Time for Myanmar to beat plastic pollution
Release Date: June 1, 2018
We see it everywhere, use it everywhere. It is the miracle material that you can use for almost anything but it is now threatening our well-being and our planet more than ever. Plastic.
The global plastic waste pandemic is not something Myanmar is excluded from. Plastic items such as bags, bottles, food packaging and straws are now widely used across the country.
We can see plastic waste almost everywhere and it affects each and every one of us, but we can all do something about it. It is time for Myanmar – businesses, individuals and the government – to address plastic pollution before this golden land turns into a plastic country. The recent fire at Htein Bin landfill, covering Yangon in a stench of burned plastic for days, was a clear reminder that our relationship with plastic in Myanmar has become toxic – quite literally.
Plastic has been around for a long time. The material has been instrumental in advancing solutions in health, transport and manufacturing. However, during the 2000s, there has been a significant global increase in the use of single use plastic items – which we use only once, on average for about 12 minutes and which are then thrown away never to be used again. Many of these items are made of plastic that has low value for recycling and ends up in our rivers to later be transported to our oceans, where it not only harms marine wildlife, but enters the global food chain as micro-plastics. If we continue to use and discard plastics the way we do now, estimates suggest that we will have more plastic than fish in our oceans by 2050.
An obvious reason for why we use a lot of single use plastic is because it is convenient. It is easy. We do not have to bring our own reusable bags to the market – we can get as many as we want for free. We can buy bottled water almost everywhere and we can discard it wherever. We can order takeout food, which comes delivered in Styrofoam or other plastic packaging and we do not have to cook ourselves. Plastic is easy to use, but getting rid of it is the difficult part. I only found out recently that most of the plastic ever produced is actually still out there.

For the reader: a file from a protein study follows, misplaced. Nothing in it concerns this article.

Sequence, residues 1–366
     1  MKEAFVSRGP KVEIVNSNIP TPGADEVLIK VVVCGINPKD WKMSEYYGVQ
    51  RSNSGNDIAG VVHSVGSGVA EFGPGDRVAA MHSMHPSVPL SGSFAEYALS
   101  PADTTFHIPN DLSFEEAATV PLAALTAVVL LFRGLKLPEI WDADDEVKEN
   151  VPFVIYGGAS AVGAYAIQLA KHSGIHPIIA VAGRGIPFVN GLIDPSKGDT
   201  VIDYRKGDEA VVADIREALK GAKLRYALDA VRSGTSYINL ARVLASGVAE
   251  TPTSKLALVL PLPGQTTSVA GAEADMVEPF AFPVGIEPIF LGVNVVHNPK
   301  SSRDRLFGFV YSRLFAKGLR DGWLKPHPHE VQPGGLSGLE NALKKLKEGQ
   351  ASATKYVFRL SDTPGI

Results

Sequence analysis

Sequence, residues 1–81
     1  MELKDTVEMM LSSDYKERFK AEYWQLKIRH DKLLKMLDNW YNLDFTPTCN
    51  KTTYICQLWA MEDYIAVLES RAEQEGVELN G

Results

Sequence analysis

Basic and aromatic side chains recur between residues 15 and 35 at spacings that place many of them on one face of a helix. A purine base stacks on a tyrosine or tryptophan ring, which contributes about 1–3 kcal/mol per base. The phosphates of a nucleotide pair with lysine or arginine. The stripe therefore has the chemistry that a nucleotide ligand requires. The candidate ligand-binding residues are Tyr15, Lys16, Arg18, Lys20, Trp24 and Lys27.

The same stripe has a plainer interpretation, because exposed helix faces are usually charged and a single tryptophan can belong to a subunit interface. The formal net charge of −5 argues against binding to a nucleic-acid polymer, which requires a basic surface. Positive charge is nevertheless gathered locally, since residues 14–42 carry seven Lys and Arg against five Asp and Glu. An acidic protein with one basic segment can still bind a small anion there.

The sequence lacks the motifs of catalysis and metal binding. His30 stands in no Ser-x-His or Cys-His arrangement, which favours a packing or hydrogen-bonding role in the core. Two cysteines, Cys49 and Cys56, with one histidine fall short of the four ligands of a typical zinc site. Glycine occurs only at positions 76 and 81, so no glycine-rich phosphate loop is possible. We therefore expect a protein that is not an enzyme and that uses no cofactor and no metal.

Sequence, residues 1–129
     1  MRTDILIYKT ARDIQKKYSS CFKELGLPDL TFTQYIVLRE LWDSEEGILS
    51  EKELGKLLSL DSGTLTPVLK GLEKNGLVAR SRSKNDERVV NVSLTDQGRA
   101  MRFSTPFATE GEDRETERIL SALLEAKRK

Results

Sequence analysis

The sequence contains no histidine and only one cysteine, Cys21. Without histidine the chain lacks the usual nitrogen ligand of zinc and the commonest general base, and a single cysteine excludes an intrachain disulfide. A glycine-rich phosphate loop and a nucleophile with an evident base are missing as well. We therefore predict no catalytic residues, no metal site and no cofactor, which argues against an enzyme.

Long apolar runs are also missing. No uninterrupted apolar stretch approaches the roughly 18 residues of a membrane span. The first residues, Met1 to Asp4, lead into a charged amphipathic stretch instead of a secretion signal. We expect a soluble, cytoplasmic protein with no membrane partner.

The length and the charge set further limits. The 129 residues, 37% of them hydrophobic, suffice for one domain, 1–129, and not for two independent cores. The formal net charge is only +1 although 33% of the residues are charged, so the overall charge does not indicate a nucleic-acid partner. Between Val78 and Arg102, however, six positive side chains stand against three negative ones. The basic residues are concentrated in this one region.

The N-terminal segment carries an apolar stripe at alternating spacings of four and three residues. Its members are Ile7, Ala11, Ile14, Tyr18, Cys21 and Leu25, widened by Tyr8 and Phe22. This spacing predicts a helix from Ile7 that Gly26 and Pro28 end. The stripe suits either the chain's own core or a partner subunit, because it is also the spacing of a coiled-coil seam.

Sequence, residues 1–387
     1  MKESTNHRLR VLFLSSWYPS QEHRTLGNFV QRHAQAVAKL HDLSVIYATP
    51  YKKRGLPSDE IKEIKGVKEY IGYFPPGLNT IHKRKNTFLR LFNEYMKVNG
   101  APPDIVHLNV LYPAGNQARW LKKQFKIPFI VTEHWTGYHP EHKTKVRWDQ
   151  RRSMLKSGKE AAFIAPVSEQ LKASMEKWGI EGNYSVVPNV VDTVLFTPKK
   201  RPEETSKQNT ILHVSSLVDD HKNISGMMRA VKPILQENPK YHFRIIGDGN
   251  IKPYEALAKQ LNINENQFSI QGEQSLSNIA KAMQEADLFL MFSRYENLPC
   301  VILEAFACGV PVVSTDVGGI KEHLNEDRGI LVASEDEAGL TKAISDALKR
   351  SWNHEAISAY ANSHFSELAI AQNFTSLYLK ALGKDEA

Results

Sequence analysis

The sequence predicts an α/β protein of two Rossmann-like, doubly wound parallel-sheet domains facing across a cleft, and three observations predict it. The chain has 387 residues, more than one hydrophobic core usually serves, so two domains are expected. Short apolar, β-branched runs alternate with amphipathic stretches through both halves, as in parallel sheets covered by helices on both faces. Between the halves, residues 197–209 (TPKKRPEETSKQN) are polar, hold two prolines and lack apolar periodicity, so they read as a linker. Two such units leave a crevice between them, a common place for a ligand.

It has not been recycled or reused. It is at the bottom of our oceans, on islands in the Myeik archipelago and even in the Arctic ocean, where microplastics were recently found in the sea ice. Plastic does not just disappear. Scientists have not agreed on how long it actually takes for plastic to disappear. Some say 450 years, some say never. This means that a bag you picked up this morning to use only once, will “survive” you for generations.
Imagine what that means for the 80 million bags approximately used per day in Myanmar, and what it means for the bags we will use tomorrow and the days, weeks and years after that.
Clearly, proper waste management is one of the challenges. In Myanmar, we are paying very little for waste management, at least as private individuals. Where I live, close to Aung San stadium in Yangon, I pay K600 per quarter for my waste to be picked up by Yangon City Development Committee (YCDC). This is obviously not enough to fund proper waste management. The cities and towns across the country are in urgent need of more bin lorries or similar equipment and infrastructure to collect waste, as well as more space for landfills, where waste can be processed and properly managed. There is just not enough money available, which is why so much of the waste ends up on our streets, rivers or areas of cultural or natural significance such as Bagan, the waterfalls in Shan State or Kyaiktiyo in Mon State.
Read more at: https://www.mmtimes.com/news/time-myanmar-beat-plastic-pollution.html
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